Somalia suspended top intelligence officials earlier this month and a new military unit took charge of the security of Mogadishu, as the government struggles to restore security in the capital. The changes follow deadly Al-Shabaab attacks, including suicide attacks at a military checkpoint near Villa Somalia, Somalia’s presidential seat, and in the compound of the Ministry of the Interior. Twenty people were killed in the attacks. The government suspects these attacks were carried out with the aid of insiders.
On 16th July, the head of Somalia’s National Intelligence and Security Agency (NISAA), Hussein Hussein, suspended his two deputies, Abdalla Mohamed and Abdikadir Jama’a, with no reason being given for their suspension. Reports suggest they were linked with an Al-Shabaab attack on a checkpoint near the Villa Somalia a day before their suspension.
There are a number of Al-Shabaab defectors within the ranks of NISA. Former Al-Shabaab Amniyat officials (Al-Shabaab’s intelligence wing) now serve NISA after defecting but they are still suspected of colluding with their former “employer” and giving out state secrets. The government announced the arrest of close to 30 soldiers and officials in connection with the attacks near Villa Somalia and the Interior Ministry compound. One of the suspended officials, deputy NISA chief, Jama’a, once served as an ‘Amniyat’ official before defecting to the government.
This week, hundreds of soldiers from the October 14th Battalion were deployed across the capital, as ordered by President Mohamed Farmajo, replacing another unit known as “Stabilisation Force.” The new unit was formed and named after the October 14th 2017 attack carried out by the Al-Shabaab group, using a truck laden with hundreds of kilogrammes of explosives which exploded at a busy junction in Mogadishu, killing more than 500 people.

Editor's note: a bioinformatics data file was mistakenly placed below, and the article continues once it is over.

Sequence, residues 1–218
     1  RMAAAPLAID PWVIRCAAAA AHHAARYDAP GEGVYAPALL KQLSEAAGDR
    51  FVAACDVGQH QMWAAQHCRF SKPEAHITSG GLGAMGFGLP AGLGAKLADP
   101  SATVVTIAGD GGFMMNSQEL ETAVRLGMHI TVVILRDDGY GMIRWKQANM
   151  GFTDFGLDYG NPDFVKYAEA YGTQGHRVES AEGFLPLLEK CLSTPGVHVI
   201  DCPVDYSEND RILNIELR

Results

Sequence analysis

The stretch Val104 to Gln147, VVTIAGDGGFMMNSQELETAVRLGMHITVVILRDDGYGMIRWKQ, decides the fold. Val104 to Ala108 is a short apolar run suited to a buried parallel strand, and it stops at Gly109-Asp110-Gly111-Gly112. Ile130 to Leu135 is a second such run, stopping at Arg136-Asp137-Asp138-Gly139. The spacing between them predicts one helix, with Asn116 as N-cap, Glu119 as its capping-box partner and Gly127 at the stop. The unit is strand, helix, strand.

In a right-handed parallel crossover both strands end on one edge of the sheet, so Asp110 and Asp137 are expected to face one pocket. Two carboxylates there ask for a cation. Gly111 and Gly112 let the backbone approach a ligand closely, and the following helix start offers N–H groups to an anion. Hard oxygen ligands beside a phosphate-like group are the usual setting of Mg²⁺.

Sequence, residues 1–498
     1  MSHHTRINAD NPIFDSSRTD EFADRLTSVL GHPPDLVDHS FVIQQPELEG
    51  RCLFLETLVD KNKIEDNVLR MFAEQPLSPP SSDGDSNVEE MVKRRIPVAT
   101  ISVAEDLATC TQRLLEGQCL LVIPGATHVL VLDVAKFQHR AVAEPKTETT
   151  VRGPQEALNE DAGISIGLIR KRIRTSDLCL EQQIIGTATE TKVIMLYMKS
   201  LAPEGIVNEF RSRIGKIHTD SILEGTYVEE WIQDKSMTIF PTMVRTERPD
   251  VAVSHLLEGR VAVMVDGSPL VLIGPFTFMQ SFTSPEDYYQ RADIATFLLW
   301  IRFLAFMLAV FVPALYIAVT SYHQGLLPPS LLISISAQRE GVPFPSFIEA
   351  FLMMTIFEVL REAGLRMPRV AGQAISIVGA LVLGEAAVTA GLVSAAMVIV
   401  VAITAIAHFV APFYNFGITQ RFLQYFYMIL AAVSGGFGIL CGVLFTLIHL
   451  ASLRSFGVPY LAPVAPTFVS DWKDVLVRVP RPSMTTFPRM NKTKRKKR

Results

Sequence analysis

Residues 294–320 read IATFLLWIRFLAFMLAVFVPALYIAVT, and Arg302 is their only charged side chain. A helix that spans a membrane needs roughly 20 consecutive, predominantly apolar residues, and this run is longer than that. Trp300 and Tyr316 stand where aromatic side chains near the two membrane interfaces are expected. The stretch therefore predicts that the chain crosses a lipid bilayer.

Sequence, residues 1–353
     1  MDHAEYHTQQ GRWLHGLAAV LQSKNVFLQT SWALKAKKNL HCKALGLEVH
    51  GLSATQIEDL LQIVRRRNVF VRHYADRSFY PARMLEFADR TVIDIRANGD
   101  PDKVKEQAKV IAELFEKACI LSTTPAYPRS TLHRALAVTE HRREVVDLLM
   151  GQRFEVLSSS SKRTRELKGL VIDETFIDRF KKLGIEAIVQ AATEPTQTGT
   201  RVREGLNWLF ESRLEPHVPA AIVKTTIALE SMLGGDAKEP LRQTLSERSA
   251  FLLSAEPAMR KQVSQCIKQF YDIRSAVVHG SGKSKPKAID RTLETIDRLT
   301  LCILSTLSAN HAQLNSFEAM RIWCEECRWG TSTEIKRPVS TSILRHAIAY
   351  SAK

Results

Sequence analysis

As Al-Shabaab has stepped up its attacks in Mogadishu so has the government’s operation to hunt down members of the group, which it believes to have infiltrated the army and the National Intelligence and Security Agency. More than 100 people were arrested in a security swoop across Mogadishu this week.
“Before last month and during last Ramadan, Al-Shabaab did not conduct attacks, so the government was taking responsibility for thwarting or preventing the group from carrying out attacks,” said Ali Jibril, an independent Somalia analyst. On the eve of last Ramadan, the government created what it called a “Stabilisation Force” drawn from the military, the police, and NISA, to prevent Al-Shabaab attacks during the Muslim Holy month of Ramadan. Al-Shabaab and other jihadi groups are known to increase their attacks during Ramadan.
“So, Al-Shabaab started to carry out deadly attacks in the city to show it is still capable of doing what it does best and to show the public that it was not government’s strategies and security plans that prevented the attacks, rather the group’s own strategy and tactics and that it strikes when it deems fit,” Jibril said.
Although Mogadishu is recovering from two decades of war it is still struggling to recover fully. Despite being driven out of the capital seven years ago, Al-Shabaab is still a serious threat to Mogadishu’s stability and security. Al-Shabaab, which announced it was formally linked with Al-Qaeda in 2012, is fighting to overthrow the Somali government and wants to enforce its own strict version of Islamic sharia across Somalia.
The Somali government needs to do more to secure Mogadishu and the country in general. It needs to reform its security sector and seriously vet members wishing to join the military and the intelligence agency. As long as Al-Shabaab has its “Amniyat” officials within NISA, no strategy to defeat the group will work.